- CHHS May 2014 E-Newsletter
- CHHS April 2014 E-Newsletter
- CHHS June 2014 E-Newsletter
- CHHS July 2014 E-Newsletter
- CHHS December 2014 E-Newsletter
- CHHS August 2014 E-Newsletter
- CHHS September 2014 E-Newsletter
- CHHS October 2014 E-Newsletter
- CHHS January 2015 E-Newsletter
- CHHS February 2015 E-Newsletter
- CHHS May 2015 E-Newsletter
- CHHS July 2015 E-Newsletter
- CHHS August 2015 E-Newsletter
- CHHS September 2015 E-Newsletter
- CHHS November 2015 E-Newsletter
- CHHS October 2015 E-Newsletter
- December 2015 ICYMI
- January 2016 ICYMI
- MAY 2016 ICYMI
- February 2016 ICYMI
- CHHS July 2016 E-Newsletter
- CHHS August 2016 E-Newsletter
- CHHS September 2016 E-Newsletter
- CHHS October 2016 E-Newsletter
- CHHS November 2016 E-Newsletter
- CHHS December 2016 E-Newsletter
- CHHS September 2011 E-Newsletter
- CHHS August 2011 E-Newsletter
- CHHS July 2011 E-Newsletter
- CHHS June 2011 E-Newsletter
- CHHS May 2011 E-Newsletter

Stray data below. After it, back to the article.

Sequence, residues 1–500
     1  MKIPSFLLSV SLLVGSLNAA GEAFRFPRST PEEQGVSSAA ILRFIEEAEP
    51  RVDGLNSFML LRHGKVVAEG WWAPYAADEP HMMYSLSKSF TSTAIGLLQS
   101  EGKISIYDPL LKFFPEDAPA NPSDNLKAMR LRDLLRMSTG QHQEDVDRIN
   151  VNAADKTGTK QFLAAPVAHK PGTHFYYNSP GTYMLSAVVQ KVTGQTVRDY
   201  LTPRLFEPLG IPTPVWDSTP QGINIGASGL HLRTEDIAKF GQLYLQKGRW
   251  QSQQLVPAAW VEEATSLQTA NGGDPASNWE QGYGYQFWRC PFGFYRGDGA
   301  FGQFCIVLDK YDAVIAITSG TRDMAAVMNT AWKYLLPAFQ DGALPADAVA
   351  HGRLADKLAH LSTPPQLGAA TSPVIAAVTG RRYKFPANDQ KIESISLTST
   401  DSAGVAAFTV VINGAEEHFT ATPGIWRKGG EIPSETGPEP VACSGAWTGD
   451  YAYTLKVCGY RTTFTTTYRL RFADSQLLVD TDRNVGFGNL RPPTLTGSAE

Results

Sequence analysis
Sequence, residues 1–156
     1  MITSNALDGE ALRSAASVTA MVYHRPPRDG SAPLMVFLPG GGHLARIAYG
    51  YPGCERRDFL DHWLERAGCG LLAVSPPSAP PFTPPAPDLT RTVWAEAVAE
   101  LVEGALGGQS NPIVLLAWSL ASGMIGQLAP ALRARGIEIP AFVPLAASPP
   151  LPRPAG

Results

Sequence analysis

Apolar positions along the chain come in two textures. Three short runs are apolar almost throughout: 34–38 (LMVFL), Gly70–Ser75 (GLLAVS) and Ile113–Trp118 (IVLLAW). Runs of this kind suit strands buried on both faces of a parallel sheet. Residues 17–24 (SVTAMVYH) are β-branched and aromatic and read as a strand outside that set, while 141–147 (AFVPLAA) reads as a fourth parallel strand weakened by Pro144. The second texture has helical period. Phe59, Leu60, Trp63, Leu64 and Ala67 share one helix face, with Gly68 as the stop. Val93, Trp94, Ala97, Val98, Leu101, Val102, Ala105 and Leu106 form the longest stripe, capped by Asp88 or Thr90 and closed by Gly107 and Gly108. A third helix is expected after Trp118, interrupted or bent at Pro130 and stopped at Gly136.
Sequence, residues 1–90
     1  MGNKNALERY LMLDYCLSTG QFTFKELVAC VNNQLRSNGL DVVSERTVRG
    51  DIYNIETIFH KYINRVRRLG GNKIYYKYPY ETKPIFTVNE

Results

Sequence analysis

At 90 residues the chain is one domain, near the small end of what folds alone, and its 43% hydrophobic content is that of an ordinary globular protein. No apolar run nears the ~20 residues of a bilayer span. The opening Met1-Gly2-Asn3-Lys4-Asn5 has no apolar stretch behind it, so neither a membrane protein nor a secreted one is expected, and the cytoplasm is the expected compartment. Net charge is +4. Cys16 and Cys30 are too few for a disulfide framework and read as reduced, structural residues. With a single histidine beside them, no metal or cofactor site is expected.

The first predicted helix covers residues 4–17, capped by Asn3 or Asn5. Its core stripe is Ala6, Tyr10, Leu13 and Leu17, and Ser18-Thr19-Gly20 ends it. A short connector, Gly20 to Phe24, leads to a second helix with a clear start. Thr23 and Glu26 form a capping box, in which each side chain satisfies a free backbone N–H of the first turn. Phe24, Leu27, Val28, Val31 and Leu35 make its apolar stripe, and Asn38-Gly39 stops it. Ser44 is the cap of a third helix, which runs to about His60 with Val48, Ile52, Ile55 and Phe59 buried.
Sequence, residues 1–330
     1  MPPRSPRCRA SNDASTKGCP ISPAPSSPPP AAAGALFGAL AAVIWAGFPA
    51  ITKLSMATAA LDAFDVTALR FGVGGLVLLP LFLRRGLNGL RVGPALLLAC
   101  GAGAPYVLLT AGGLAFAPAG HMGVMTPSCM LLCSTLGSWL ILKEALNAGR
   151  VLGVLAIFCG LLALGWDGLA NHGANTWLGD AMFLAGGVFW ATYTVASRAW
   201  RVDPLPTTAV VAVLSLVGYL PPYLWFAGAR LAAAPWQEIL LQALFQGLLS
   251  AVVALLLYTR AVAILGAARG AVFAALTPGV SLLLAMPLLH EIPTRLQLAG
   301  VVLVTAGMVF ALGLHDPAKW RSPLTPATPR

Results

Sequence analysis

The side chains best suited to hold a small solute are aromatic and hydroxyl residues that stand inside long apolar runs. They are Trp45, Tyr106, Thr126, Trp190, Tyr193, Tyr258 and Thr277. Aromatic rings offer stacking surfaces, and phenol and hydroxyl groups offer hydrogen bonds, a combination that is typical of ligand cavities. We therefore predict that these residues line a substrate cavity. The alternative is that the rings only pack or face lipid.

The Family and Consumer Sciences department at WKU is pleased to announce that it has received notice that the Interior Design Bachelor of Science degree has been granted accreditation by the National Association of Schools of Art and Design (NASAD).
Dr. Scott Lyons, Director of the School of Kinesiology, Recreation & Sport (KRS) at Western Kentucky University, was recently recognized by the American College of Sports Medicine (ACSM) as a new Fellow of the College.
Note: documents in Portable Document Format (PDF) require Adobe Acrobat Reader 5.0 or higher to view,
download Adobe Acrobat Reader.
Note: documents in Excel format (XLS) require Microsoft Viewer,
Note: documents in Word format (DOC) require Microsoft Viewer,
Note: documents in Powerpoint format (PPT) require Microsoft Viewer,
Note: documents in Quicktime Movie format [MOV] require Apple Quicktime,